Distillate flower abscission (PFA) was measured for four cultivars of walnut (Juglans regia L.): `Serr', `Sunland', `Howard', and `Chandler'. Mean PFA for `Serr' over 7 years was greater than for the other cultivars and there were no differences among any of the latter. The high PFA potential of `Serr', shown here and earlier, was not expressed in `Sunland', even though both cultivars have one common parent. There was no association of PFA with either of two rootstock. Flowering index did not differ among cultivars and was not related to PFA.
Chuck A. Ingels, Gale H. McGranahan and Ann C. Noble
To determine if flavor differences could be detected among several Persian walnut (Juglans regia L.) cultivars, difference tests with eight cultivars were conducted using the duo-trio method. No differences were found when `Hartley' was compared to `Vina', `Scharsch Franquette', and `Mayette'. However, `Chandler', `Chico', `Howard', and `Sunland' were significantly different, and paired comparisons were then used to test these cultivars against `Hartley' in terms of several flavor characteristics. No differences in astringency and “walnut flavor” were detected; however, `Chandler' was judged to be sweeter than `Hartley', which was sweeter than `Howard'. `Chico' was found to be the firmest cultivar.
Ramon Dolcet-Sanjuan, Elisabet Claveria, Robert Gruselle, Adreas Meier-Dinkel, Christian Jay-Allemand and Thomas Gaspar
Various factors were found to influence the in vitro induction and elongation of adventitious roots from walnut shoot microcuttings. Diverse walnut genotypes (Juglans regia, J. nigra × J. regia hybrids) and selected elite J. regia clones were micropropagated throughout the establishment of in vitro shoot-tip cultures. New evidence is presented here that demonstrates the importance of the genotype and juvenility of the plant material on the in vitro rooting ability. Selection of the best adapted genotypes to multiplication and rooting, and rejuvenation of mature clones through repetitive subcultures or micrografting were examined. Adult J. regia clones were rejuvenated through subsequent subcultures and their rooting was consequently improved. The same results were not accomplished by micrografting on juvenile shoots. A differential response to auxin type and concentration was observed for Juglans regia or J. nigra × J. regia clones. A short prerooting culture in multiplication medium, lowering the sucrose concentration in the root elongation medium and increasing the atmospheric carbon dioxide during the root elongation phase affected the number of shoots forming roots as well as the quality of plantlets and roots.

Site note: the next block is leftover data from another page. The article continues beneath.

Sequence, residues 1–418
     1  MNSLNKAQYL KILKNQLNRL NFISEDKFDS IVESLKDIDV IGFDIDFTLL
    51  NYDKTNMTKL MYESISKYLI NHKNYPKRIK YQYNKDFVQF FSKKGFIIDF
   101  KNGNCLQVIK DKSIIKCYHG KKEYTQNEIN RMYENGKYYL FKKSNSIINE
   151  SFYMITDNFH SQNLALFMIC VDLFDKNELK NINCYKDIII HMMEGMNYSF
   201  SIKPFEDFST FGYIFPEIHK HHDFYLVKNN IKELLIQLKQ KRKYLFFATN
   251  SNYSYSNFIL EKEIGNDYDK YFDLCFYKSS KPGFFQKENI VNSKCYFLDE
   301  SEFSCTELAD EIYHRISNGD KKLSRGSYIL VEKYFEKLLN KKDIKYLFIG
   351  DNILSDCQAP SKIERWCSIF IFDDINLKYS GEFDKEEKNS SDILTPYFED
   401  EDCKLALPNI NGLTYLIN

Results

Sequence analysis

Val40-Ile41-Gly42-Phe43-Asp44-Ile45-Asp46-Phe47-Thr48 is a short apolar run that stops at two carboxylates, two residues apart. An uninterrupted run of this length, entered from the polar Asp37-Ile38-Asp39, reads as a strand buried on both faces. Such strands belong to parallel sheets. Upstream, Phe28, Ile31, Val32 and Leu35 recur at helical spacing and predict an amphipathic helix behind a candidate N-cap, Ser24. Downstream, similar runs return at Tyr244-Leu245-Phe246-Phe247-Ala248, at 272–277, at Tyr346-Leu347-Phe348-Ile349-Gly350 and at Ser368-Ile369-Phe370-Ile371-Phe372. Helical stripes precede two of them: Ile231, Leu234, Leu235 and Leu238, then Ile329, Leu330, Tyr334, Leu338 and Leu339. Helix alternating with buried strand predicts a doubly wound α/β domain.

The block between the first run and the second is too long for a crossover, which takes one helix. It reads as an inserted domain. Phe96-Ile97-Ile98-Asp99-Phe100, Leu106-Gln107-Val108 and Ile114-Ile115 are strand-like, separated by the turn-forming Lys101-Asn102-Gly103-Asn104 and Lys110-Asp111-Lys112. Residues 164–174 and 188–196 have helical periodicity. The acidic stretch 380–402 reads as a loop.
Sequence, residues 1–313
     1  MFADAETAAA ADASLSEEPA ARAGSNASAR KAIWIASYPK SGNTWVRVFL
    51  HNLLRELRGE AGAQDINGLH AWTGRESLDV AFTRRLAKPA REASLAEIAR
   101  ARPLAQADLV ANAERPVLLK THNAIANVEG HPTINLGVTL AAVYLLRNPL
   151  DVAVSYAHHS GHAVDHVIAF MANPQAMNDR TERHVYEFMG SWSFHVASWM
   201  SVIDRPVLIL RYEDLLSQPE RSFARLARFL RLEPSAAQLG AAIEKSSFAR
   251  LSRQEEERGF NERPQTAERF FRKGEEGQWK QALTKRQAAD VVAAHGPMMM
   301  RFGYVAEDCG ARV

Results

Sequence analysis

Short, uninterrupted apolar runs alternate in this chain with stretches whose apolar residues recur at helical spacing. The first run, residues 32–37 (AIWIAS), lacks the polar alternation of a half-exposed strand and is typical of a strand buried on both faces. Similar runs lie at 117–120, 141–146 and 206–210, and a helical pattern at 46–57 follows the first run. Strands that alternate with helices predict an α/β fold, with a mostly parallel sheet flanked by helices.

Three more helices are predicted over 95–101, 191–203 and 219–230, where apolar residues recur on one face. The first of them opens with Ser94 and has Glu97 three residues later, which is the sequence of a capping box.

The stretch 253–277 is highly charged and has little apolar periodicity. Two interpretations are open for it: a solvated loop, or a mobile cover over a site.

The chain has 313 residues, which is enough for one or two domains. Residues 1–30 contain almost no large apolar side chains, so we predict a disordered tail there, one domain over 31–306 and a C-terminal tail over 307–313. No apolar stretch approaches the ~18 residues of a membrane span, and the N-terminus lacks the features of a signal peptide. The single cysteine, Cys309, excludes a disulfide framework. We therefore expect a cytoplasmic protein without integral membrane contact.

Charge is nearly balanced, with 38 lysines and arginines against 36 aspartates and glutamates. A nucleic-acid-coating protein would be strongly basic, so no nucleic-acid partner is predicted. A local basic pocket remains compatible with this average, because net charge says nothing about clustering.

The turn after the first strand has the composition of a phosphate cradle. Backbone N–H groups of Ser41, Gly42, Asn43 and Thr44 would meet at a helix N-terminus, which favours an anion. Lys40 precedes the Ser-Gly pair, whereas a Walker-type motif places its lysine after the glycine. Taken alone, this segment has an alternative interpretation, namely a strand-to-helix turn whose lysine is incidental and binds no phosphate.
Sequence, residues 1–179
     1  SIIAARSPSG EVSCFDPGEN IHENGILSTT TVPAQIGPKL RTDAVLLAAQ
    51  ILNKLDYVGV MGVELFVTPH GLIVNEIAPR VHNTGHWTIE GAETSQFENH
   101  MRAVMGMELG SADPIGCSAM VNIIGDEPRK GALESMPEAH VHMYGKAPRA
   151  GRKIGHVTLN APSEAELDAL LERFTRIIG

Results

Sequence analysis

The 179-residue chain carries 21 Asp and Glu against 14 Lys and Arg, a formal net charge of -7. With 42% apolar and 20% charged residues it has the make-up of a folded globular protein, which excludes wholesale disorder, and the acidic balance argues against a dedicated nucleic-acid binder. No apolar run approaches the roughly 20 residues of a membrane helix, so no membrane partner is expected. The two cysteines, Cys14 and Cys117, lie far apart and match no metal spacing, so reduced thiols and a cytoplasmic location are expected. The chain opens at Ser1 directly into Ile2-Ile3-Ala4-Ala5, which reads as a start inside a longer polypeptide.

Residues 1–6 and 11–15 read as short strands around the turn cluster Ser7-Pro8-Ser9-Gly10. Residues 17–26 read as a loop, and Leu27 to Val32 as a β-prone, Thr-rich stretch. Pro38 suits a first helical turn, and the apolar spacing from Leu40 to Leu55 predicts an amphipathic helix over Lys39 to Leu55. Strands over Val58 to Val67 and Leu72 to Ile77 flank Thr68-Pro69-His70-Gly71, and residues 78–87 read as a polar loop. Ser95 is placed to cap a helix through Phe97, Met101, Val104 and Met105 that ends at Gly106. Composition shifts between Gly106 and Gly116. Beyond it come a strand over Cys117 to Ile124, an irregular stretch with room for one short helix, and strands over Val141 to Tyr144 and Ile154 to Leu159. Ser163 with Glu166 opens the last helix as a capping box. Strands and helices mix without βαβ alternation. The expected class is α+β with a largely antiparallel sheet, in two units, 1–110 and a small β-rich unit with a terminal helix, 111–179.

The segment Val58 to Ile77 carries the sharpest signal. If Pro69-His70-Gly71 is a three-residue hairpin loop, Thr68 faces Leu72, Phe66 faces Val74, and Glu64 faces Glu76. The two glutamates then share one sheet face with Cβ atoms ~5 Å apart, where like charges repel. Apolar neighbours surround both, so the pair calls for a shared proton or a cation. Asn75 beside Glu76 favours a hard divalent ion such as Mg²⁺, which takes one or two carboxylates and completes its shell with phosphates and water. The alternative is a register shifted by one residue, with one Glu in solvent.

Keith Woeste, Douglas Shaw, Gale McGranahan and Robert Bernatzky
We characterized a population of hybrids between English walnut and Northern California black walnut (Juglans regia X J. hindsii) and their backcrosses (BC) using both genomic markers and morphological traits. ANOVA and regression methods were used on three years' data to identify a subset of five variables that describe the morphological variability among backcross populations and their parents (R2 = 0.89). Genomic markers were identified using randomly amplified polymorphic DNA (RAPD). A subset of 60 markers specific to the donor species (J. hindsii) were scored in 50 backcrosses to estimate the percent recipient genome in each evaluated BC. The backcrosses were ranked using each method of evaluation; correlation between the ranks was 0.423 and highly significant. Each evaluation method has advantages but neither was able to reliably identify elite progeny.